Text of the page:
If you poke around in your cabinets at home, you’ll probably find some glass vases tucked away inside. You might even take them out sometimes to hold flowers picked up on a sunny, farmer’s market morning. I have a whole cabinet of these empty vessels, just waiting for their moment to shine.
Some people collect glass vases not for their utility, but for their beauty—or even their historic importance. The exhibition “Tiffany Favrile Glass: Masterworks from the Collection of Stanley and Dolores Sirott” opens Oct. 7, 2017, and continues through Feb. 26, 2018, in the Virginia Steele Scott Galleries of American Art. It features 32 historically significant glass vases designed and produced by Louis Comfort Tiffany and his team of craftspeople. (The photos in this post showcase some of my favorite items in the exhibition.)
Following his great success designing stained-glass windows, Tiffany, in the early 1890s, opened his own glasshouse in Corona, Queens, New York. There, under the leadership of English glassworker Arthur J. Nash, Tiffany’s team fashioned exquisite handmade blown-glass forms composed of Favrile glass. (Tiffany coined the name “Favrile,” taking it from the Old English word fabrile, or hand-wrought.) Tiffany’s glassmakers used a process that treated molten glass with metallic oxides, creating luminous hues within the glass.
The exhibition surveys the full range of Tiffany’s Favrile glass vase production, from experimental pieces made in the 1890s to the widely admired peacock vases produced in the early years of the 20th century.
For the colors and shapes of some vases, Tiffany found direct inspiration in nature. In a vase shaped like a flower, for example, Tiffany and his craftspeople rhymed the typical form of a vase with the stem, leaves, and petals of a lily.
Tiffany’s peacock-inspired vases feature fine threads of sparkly glass, known as Aventurine glass, manipulated to mimic peacock feathers. One of Tiffany’s favorite decorative motifs, the peacock carried ancient associations with immortality and featured prominently in fancy decorative interiors of the late 19th century. This vase also shows the beautiful, multicolored iridescence perfected in Tiffany’s studios by his gaffers (a glass industry term for master craftspeople).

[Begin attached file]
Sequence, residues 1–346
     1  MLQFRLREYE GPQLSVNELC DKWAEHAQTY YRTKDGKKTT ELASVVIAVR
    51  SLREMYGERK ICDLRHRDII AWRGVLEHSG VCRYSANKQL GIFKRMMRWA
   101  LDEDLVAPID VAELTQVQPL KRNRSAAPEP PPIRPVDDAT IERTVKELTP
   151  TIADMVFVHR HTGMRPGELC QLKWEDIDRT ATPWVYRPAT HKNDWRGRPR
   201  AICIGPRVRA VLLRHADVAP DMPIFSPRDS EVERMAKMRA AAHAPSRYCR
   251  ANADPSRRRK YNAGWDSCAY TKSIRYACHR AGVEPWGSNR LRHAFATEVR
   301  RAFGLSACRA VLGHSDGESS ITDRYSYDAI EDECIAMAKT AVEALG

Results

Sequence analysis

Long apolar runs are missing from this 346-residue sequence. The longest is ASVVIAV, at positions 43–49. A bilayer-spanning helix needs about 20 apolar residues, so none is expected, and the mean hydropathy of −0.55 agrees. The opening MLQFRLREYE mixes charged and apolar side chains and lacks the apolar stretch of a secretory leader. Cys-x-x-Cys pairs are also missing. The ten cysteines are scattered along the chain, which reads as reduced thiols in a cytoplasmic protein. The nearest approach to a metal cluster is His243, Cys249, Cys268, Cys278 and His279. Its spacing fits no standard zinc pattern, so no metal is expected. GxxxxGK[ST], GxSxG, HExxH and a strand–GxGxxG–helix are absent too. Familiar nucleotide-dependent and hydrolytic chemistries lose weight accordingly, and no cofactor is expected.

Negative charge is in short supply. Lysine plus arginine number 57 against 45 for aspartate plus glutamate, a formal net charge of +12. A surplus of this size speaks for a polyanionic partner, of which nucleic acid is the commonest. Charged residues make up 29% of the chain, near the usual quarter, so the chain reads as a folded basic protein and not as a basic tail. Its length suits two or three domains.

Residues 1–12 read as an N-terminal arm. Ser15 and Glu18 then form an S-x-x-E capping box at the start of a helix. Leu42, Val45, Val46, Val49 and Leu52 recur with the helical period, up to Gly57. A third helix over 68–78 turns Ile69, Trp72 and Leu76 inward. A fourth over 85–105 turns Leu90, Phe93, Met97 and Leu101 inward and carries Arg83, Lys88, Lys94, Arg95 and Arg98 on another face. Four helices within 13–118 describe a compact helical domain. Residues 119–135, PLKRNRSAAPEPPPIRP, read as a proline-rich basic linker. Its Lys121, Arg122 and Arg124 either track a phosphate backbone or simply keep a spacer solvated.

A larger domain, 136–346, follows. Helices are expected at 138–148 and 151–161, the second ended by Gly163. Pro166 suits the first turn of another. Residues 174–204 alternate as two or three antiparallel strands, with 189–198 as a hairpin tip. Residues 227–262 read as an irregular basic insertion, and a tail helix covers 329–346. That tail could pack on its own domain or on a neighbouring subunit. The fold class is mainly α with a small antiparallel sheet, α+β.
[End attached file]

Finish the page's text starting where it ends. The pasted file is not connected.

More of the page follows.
Also on display is perhaps the tallest surviving example of a Tiffany vase in the Aquamarine style, which his glass studios began producing in the 1910s. Tiffany sent one of his gaffers to Bermuda in 1913 to examine marine life through a glass-bottomed boat. On his return, the Tiffany studios attempted to reproduce in glass the effect of peering through seawater.
Creating this type of vase was a two-step process. First, the decorative elements—here, orange fish flitting through seaweed—were made by heating colored glass rods and forming them into organic shapes. Then, the shapes were encased in a large mass of blue-green glass. The effect is stunning, and even more so in person.
Come by the Scott Galleries of American Art to check them out yourself. You may be inspired to find beauty in that cabinet of old vases back at home!
“Tiffany Favrile Glass: Masterworks from the Collection of Stanley and Dolores Sirott” opens Oct. 7, 2017, and continues through Feb. 26, 2018, in the Virginia Steele Scott Galleries of American Art.
You can watch a video about the Aquamarine vase on display in this exhibition on YouTube.
Chad Alligood is the Virginia Steele Scott Chief Curator of American Art at The Huntington.